Shaken Baby Syndrome

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Amniotic fluid problems

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Choosing a pre-school

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Newborn reflexes

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Pelvic floor exercises

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Antenatal Classes

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  • Shaken Baby Syndrome

    Tuesday, 21 July 2015 16:28
  • Amniotic fluid problems

    Thursday, 14 May 2015 12:54
  • Choosing a pre-school

    Friday, 10 April 2015 17:50
  • Newborn reflexes

    Tuesday, 03 March 2015 15:49
  • Mastitis

    Tuesday, 03 March 2015 15:41
  • Pelvic floor exercises

    Wednesday, 11 February 2015 17:20
  • Colic

    Wednesday, 11 February 2015 17:11
  • Antenatal Classes

    Monday, 03 June 2013 09:34
  • Strap-in-the-Future

    Thursday, 30 June 2011 13:52


Reflux occurs due to a weak or immature LES (lower oesophageal sphincter). Because acid moves up the oesophagus, most babies experience discomfort, pain or burning in their oesophagus (similar to heartburn in adults). This is often felt during or after feeds, when crying or straining to make a stool.

Reflux is best diagnosed by an experienced clinic nurse, paediatrician or ENT (ear, nose and throat specialist).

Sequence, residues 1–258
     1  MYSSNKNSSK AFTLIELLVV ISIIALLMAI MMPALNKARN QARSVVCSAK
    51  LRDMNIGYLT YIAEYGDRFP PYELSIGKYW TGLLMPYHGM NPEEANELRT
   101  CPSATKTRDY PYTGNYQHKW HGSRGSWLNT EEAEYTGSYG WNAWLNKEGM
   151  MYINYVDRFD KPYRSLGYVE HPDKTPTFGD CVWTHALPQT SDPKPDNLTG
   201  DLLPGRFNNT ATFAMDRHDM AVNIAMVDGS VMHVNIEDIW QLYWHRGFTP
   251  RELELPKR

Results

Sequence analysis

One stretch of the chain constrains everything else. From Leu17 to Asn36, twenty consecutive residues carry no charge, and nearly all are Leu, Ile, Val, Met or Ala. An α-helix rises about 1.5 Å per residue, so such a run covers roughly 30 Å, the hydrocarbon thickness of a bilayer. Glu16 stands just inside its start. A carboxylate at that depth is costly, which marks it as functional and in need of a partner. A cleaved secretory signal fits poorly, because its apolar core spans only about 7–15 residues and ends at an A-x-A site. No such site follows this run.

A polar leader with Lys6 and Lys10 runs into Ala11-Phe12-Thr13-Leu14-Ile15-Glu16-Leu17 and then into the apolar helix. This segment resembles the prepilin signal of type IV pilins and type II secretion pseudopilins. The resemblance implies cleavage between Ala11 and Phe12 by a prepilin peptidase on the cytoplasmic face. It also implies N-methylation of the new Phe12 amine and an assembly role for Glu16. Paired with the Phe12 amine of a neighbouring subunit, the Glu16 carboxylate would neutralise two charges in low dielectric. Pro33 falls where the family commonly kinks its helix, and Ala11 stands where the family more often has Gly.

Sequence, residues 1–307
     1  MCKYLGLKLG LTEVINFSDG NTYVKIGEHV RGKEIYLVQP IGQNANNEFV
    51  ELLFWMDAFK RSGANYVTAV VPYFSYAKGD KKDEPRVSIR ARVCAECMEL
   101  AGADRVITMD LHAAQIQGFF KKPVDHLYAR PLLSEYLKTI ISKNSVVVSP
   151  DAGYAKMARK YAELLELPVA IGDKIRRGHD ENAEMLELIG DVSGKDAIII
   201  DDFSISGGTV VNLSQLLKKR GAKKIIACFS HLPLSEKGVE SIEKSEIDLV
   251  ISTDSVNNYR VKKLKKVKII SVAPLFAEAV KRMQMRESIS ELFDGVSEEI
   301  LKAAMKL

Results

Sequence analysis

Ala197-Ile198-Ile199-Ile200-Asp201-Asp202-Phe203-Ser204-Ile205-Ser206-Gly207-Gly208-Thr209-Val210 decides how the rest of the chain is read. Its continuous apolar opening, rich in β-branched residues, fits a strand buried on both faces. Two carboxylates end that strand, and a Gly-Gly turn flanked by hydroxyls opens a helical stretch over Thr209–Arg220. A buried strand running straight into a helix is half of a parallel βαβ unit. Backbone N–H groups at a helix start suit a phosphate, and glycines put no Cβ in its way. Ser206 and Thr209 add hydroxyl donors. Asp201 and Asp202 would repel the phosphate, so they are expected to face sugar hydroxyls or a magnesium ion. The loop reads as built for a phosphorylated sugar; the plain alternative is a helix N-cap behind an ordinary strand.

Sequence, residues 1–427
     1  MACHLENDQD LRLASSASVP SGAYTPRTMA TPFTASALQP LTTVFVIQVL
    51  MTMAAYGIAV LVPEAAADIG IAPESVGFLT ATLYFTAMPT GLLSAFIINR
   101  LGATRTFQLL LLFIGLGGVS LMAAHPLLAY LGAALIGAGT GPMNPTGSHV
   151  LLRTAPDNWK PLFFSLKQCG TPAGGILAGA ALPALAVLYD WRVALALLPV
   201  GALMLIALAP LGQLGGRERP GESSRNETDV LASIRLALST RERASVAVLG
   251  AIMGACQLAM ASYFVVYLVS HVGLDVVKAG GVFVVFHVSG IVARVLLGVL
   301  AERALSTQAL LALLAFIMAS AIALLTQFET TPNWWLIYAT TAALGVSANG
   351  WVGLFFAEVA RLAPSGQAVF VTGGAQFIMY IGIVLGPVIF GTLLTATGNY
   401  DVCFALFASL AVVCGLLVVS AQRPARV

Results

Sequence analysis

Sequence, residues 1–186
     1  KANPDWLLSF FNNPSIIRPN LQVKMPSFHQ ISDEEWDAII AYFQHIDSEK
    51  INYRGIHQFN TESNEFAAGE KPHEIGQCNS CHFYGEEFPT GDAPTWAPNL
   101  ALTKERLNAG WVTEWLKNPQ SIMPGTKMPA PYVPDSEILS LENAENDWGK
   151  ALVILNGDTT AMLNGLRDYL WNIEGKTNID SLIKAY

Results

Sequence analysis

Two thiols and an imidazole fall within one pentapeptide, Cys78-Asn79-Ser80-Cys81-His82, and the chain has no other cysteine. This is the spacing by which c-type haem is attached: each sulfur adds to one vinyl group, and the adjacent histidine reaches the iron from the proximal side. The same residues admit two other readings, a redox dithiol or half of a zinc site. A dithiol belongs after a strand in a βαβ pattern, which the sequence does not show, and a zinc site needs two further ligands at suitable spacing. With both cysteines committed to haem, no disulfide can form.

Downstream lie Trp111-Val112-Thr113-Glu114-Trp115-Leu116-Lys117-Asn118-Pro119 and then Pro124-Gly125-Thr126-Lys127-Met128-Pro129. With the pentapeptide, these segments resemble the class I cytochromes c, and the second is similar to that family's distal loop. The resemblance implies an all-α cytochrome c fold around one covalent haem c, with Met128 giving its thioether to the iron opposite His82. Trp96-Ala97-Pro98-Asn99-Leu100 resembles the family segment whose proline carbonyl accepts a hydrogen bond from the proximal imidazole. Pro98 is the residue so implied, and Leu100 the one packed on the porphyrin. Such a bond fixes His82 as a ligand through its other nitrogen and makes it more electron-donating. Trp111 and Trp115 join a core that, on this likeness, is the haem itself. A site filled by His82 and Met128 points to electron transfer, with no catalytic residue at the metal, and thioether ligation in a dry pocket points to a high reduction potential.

Common signs of reflux include:

·                Back and neck arching (baby pushes tummy out and head back to stretch the oesophagus and relieve the pain).

·                Spitting up or vomiting (although some babies do not spit up).

·                Irritability or crying, especially after feeds.

·                Fussy feeding (baby tends to suck hungrily at either the breast or the bottle at first, then pull off or shake his head from side to side, arch his back and neck and cry whilst feeding).

·                Restless or disruptive sleep, waking shortly after being put down to sleep as if in discomfort and often wakes upset or crying.

·                Choking, coughing or a constant stuffy nose.

·                Failure to gain adequate weight (due to having small feeds because of the pain and/or frequent vomiting).

·                Show huge weight gain (due to comfort feeding).


Reflux is known to peak at around 4 months of age in babies, so don’t be alarmed if spitting up increases at around this age. It generally starts subsiding around 7 months.

(The above information was taken from The Ultimate Survival Guide: Reflux, written by a South African mom, Angela Nieuwouldt. To find stockists of this wonderful book go to It gives a thorough breakdown on possible treatments which have not been included here.)